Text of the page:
Tough Break: Personhood Can’t Even Make The Ballot In Colorado
Personhood may be an official platform of the Republican party, but it’s having a difficult time putting that status into work in the states.Â The Personhood initiative, which seeks to define a fertilized egg as a person with full human rights, has failed to receive enoughÂ signatures to qualify for a ballot measure in Colorado.
This is the third time that Colorado residents have gone against the controversial and extreme measure. The two previous times in 2008 and 2010, theÂ proposal made it on to the ballot, only to be struck down by the vote. This time, the petitions came up about 4,000 signatures short ofÂ making it to the election at all.
Personhood USA, who supports and backs these attempts, says that they are challenging the initial counting of the signatures. TheyÂ believe that they had enough signatures and that the discrepancy is perhaps from a notary error.
While the beginning of the year made it seem like Personhood was advancing on several fronts, it’s been beaten down in many areasÂ before November even rolls around. After it’s defeat in Mississippi last year, the plan moved into Ohio, Arkansas, Nevada and of course,Â Colorado. Since then, judges have struck down the measure, or it’s failed to gain substantial support.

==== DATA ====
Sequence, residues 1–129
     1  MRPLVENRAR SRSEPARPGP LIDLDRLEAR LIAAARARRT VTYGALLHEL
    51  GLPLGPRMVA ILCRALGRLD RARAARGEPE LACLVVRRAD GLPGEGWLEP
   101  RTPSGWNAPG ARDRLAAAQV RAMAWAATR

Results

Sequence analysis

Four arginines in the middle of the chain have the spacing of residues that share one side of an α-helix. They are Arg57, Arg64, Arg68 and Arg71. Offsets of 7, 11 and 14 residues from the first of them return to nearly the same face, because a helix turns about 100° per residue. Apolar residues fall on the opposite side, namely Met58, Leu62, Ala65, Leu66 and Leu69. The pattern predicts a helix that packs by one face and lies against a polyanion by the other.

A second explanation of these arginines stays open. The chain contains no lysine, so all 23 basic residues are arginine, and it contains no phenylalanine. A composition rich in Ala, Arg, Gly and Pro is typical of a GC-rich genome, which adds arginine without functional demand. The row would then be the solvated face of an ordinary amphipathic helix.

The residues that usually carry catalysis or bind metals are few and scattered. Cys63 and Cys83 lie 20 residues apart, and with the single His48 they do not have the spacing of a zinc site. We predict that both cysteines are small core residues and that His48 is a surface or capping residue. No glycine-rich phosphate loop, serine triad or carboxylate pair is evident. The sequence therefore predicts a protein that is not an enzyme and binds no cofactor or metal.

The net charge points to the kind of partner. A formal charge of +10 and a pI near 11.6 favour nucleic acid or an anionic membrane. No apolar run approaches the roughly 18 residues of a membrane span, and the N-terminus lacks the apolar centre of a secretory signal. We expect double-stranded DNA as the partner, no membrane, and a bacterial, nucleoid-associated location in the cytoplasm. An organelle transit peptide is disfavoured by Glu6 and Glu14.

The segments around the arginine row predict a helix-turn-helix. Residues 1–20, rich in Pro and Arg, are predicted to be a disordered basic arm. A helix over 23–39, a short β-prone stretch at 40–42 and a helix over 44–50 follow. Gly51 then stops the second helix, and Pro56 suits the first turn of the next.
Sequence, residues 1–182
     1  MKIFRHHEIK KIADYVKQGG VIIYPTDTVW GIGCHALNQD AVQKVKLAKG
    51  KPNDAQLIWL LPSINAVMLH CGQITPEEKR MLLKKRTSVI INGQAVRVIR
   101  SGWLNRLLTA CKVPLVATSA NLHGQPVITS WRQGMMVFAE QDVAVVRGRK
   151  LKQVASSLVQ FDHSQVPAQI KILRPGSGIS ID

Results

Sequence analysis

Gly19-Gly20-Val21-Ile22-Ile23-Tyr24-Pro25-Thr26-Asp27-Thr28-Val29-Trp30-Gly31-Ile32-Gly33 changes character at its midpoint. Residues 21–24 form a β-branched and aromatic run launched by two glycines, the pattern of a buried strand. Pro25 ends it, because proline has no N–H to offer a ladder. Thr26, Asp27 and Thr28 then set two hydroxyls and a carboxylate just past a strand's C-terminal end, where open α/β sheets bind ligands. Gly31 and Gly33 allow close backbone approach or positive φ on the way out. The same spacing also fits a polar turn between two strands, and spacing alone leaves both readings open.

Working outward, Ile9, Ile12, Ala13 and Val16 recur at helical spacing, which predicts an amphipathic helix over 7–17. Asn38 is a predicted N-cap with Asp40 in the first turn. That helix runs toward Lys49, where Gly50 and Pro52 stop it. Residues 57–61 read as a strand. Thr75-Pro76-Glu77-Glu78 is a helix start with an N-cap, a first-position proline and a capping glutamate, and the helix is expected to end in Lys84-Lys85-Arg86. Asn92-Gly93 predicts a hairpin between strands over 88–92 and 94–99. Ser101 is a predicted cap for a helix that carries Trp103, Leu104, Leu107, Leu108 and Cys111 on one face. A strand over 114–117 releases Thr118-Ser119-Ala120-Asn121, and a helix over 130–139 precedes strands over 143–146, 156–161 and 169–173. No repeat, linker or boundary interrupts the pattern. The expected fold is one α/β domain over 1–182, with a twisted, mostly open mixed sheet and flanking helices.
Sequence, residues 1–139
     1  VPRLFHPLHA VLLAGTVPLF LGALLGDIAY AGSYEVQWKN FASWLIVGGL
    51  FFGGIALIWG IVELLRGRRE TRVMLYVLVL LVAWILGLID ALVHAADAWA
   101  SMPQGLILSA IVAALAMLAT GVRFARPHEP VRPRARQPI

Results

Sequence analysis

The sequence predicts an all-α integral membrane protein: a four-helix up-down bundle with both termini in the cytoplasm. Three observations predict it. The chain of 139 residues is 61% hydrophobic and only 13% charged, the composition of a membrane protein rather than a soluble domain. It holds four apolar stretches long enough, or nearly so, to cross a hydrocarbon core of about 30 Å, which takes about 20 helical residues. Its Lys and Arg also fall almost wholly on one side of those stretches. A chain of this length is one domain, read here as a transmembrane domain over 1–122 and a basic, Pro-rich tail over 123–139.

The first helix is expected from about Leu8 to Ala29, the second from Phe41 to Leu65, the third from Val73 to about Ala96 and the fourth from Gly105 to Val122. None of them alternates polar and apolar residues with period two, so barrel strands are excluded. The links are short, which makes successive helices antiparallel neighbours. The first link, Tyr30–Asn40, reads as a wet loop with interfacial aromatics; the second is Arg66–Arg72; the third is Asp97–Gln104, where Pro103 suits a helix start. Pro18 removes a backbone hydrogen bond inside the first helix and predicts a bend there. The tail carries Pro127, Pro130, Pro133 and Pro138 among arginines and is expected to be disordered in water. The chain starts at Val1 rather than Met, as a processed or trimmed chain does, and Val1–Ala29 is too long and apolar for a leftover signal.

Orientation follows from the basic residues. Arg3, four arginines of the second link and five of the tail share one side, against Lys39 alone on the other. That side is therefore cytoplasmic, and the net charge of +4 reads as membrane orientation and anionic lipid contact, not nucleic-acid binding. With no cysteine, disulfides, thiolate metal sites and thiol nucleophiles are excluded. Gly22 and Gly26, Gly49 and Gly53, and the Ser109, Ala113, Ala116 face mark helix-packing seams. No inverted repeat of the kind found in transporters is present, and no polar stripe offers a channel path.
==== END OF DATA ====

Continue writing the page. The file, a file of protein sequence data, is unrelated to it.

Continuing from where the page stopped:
Personhood isn’t just an anti-abortion bill. It wouldn’t just remove the rights of women to make their own reproductive choices with regards to pregnancy. It would eliminate several popular forms of birth control. And it would severely limit access to in vitro fertilization for couples who are looking to grow their families.
The new loss in Colorado is especially disheartening for the Personhood movement. They began working in Colorado and have been active there for the longest amount of time. Not to mention, the Republican platform should have given the initiative a little boost. After all, a major political party has embraced this idea and proposed to make it a federal mandate. One would think that Personhood should be able to make it in a single state. Or at least onto the ballot.
The fact is that while life beginning at conception might sound like a basic idea, it would be an extreme change in many different areas of women’s lives. It would turn every pregnancy into a potential legal matter. It would severely complicate issues when a woman’s life or health is in danger due her pregnancy.
Personhood isn’t just a pro-choice versus pro-life matter. It stretches much further than abortion. That’s why each victory or defeat is so important. And that’s why it’s good to hear that Colorado turned down this measure before it ever reached the ballot.